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Click above to purchase "Gentlemen Prefer Blondes" at amazon.com

 

Gentlemen Prefer Blondes

review by Zach B. and Anthony D.

 

Not Rated

Studio: Fox

Running Time: 97 minutes

Starring Jane Russell, Marilyn Monroe, Charles Coburn

Screenplay by Charles Lederer

Directed by Howard Hawks

Retail Price: $24.98

Features: Restoration Comaprison, One Sheet Gallery, One Sheet Post Card, Movietone News: Marilyn Monroe And Jane Russel in Cement, Theatrical Trailers

Specs: 1.33:1 Full Frame, English Stereo, English Mono, French Mono, English Closed Captions, English Subtitles, Spanish Subtitles, Chapter Search (30 Chapters)

Oh to be young, gifted, talented and able to fit into a red, for-fitting sequined dress! To be able to play dumb when the occasion arises; but to be smart when brains need to win out over beauty. Lorelei Lee (the breathy Marilyn Monroe) needs to do all that in her quest for love as she shares the spotlight with fellow love-seeker, Dorothy Shaw (the busty Jane Russell). As "Gentlemen Prefer Blonds" opens, we find the gals sharing an enormous nightclub stage, extolling the virtues of being just "Two Little Girls from Little Rock," in gaudy, gorgeous Technicolor®. But their career on this particular stage is cut short by Lorelei's engagement cruise to "Europe, France." Her fiance is the wealthy but dim-witted "Daddy" Esmond (an unforgettable Tommy Noonan) whose own father disapproves of his son's relationship with a common showgirl, who for all intents and purposes is a gold-digger. Armed with a letter of credit good at any bank in Paris ("You can write to me EVERY day," Lorelei gushes to her hapless millionaire), the girls set off on the Ile de France luxury liner - - along with the American Olympic Team, a private investigator hired by Mr. Esmond, pere, and several assorted millionaires, ranging from the very under-aged Henry Spofford III (foghorn-voice charming child actor George Winslow), to the very married (specially-billed Charles Coburn as "Piggy" Beekman). During the cruise, Dorothy engages in some feisty maneuvers with a startling flesh-clad bevy of sinewy dancers, asking the musical question, "Ain't There Anyone Her for Love?" Her pleads fall upon silent ears, but the private investigator (Elliott Reid as Malone) hired to watch Lorelei by the Esmond family falls for Dorothy's brunette charms. Malone even snaps compromising photos of Lorelei in a friendly embrace with the very married, very wealthy diamond dealer, 'Piggy' Beekman, who promises Lorelei his wife's diamond tiara. All sorts of mayhem ensues as the girls attempt to get the photos back, but it's too late: by the time they have reached their Parisian hotel, courtesy of a charming taxi driver, Piggy has reported the tiara stolen, the detective has squealed on Lorelei, and the luckless ladies are left out on the streets. What are a couple of girls to do on les boulevards? NO, not that! This is, after all, a film from 1954! They rely on their talents. NO AGAIN! Not THOSE talents, but rather their ability to burst into spontaneous song and dance at a sidewalk café ("When Love Goes Wrong"). Somehow their siren song reaches the ear of their new ami, the taxi driver, who hooks them up at Chez Louis, a high class nightclub in Paris. (It's odd, but in Blake Edwards' "Victor/Victoria, Toddy (Robert Preston) and Victoria (Julie Andrews) create a quite memorable melee in a Paris nightclub, also named "Chez Louis.) Here at Chez Louis, Lorelei or Marilyn, creates one of the most memorable musical sequences ever put to celluloid, "Diamonds are a Girl's Best Friend." (So memorable to non-baby boomers thanks to Madonna's "Material Girl" video, which lifted almost every one of Marilyn's movements to great effect.) More chaos ensues as both the fiancé and the fiancé's daddy arrive upon the scene, and the gendarmes want to jail Lorelei for the "theft" of the diamond tiara, but you can count on happy endings, and a brilliant parody of "Diamonds are a Girl's Best Friend," deftly danced by Dorothy (don't ask) in a Parisian courthouse before the final fade-out.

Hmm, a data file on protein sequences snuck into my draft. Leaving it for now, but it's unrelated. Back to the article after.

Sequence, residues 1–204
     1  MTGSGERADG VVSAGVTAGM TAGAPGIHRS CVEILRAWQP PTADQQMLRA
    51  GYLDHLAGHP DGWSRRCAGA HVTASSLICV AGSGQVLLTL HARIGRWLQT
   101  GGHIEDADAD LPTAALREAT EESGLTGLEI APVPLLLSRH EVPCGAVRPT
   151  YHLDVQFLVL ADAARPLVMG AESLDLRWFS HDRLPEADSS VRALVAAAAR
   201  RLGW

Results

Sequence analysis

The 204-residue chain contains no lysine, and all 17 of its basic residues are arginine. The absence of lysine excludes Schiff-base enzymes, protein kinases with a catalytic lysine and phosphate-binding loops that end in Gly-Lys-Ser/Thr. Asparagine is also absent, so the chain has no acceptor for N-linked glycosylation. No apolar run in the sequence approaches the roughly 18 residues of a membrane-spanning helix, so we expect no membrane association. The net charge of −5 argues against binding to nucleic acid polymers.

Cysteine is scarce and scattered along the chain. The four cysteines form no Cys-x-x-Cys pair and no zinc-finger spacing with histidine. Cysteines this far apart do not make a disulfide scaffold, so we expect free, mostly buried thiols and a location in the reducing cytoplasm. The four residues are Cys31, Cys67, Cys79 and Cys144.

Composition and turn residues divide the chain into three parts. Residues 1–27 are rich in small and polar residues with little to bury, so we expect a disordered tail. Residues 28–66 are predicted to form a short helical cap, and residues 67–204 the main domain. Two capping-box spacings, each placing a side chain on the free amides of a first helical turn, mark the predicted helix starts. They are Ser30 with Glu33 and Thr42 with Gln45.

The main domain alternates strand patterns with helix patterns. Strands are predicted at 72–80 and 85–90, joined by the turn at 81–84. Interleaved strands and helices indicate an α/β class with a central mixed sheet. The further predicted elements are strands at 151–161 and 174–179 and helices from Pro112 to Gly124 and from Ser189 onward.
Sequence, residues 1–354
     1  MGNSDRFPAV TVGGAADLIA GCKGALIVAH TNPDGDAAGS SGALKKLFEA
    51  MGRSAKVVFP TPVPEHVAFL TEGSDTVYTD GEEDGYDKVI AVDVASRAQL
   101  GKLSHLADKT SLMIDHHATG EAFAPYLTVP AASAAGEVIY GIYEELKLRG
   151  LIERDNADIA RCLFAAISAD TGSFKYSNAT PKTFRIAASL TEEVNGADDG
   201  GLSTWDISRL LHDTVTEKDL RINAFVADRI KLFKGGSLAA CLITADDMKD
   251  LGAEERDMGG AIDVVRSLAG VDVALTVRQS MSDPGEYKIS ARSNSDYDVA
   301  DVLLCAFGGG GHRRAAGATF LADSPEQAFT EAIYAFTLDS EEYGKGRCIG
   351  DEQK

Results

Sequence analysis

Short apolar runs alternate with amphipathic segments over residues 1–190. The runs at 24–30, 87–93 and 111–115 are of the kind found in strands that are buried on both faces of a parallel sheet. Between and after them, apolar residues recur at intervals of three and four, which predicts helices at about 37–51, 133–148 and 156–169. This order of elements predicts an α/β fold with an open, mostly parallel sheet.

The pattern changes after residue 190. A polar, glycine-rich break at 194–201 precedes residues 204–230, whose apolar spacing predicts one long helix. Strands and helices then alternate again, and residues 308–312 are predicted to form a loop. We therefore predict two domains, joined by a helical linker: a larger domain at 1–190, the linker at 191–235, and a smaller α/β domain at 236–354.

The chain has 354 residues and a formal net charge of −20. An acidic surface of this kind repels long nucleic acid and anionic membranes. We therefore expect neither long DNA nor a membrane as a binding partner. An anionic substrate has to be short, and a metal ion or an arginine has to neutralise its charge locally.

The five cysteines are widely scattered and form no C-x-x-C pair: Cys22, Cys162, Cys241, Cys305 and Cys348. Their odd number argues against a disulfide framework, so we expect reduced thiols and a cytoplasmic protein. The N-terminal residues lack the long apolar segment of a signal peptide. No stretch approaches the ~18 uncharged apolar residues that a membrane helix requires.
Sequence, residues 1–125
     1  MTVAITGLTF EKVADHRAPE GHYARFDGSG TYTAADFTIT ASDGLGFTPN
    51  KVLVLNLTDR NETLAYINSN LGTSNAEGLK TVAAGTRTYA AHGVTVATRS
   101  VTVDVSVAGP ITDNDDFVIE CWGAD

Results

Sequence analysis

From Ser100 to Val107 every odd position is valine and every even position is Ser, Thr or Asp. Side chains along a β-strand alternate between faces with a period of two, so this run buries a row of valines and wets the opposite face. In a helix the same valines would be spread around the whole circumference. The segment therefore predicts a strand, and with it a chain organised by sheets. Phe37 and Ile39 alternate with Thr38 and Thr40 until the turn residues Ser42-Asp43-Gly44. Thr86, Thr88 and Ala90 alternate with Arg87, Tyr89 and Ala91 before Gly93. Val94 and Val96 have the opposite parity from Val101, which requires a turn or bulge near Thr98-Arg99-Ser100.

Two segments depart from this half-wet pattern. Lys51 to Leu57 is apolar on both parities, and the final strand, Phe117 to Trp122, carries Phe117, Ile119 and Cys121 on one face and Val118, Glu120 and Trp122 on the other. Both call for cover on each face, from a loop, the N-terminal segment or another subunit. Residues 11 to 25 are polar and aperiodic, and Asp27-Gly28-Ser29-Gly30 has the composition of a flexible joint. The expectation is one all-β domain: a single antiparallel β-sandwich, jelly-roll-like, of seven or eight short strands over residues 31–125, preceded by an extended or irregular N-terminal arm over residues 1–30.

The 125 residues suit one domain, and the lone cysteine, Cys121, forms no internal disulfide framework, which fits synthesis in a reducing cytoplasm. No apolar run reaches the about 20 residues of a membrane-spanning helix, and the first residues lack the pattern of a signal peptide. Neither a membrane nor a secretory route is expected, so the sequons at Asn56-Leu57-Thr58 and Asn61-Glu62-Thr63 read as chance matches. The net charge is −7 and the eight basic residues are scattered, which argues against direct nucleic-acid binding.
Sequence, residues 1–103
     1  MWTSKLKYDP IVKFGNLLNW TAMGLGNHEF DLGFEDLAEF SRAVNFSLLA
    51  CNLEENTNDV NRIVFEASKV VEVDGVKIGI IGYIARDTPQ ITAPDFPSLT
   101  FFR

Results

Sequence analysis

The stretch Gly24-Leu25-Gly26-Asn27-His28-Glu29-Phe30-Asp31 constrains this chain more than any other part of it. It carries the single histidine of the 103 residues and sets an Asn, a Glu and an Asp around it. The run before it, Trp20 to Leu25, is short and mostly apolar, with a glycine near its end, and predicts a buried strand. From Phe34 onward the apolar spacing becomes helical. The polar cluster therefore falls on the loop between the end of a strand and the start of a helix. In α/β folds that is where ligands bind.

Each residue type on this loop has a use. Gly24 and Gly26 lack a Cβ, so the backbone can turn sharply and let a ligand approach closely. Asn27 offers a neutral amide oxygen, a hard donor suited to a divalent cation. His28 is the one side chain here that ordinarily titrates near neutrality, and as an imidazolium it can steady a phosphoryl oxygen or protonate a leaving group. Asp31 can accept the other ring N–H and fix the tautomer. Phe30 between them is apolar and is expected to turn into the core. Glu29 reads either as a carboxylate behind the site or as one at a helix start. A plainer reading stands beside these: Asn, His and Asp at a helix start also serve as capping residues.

The only Marilyn film in the Diamond Collection to recieve a full frame transfer, "Gentlemen Prefer Blondes" looks really sharp and snappy. Colors tend to bleed at points and seem a bit oversaturated at times, but overall fleshtones are accurate and there's good levels of black. Grain and blemishes appear and there's some "whirl" with motion on screen... that is a bit distracting. Still, it's a very strong transfer.

A newly remastered stereo track is included as long as a mono track in English. There's some hiss and a little distortion in the stereo track, but dialogue is clear and the music sounds very good. The mono track sounds a bit lower and much softer. The stereo sounds more fresh and new and is the track to listen to. English subtitles and English closed captions are included on this release, as well as French subtitles. There's also a French mono track.

The usual Marilyn features are on this disc. The Diamond Collection section shows off the other films in the set while seperate from that is the full frame Theatrical Trailer.

Movietone News: Marilyn Monroe and Jane Russell In Cement is truly a great, classic piece having the two imput their handprints in cement at the Chinese theater in Hollywood. Short and worth a watch.

A One Sheet Gallery is included as well as a One Sheet Post Card to look at. Rounding the disc off in features is a Restoration Comparison. It's quite an interesing difference!

Another great Marilyn film... another great disc. With good sound, good features and good picture, this is one worth owning. Enjoy!

(4.5/5 - NOT included in final score)

(4/5)

(3/5)

(2/5)

(3.5/5, NOT an average)

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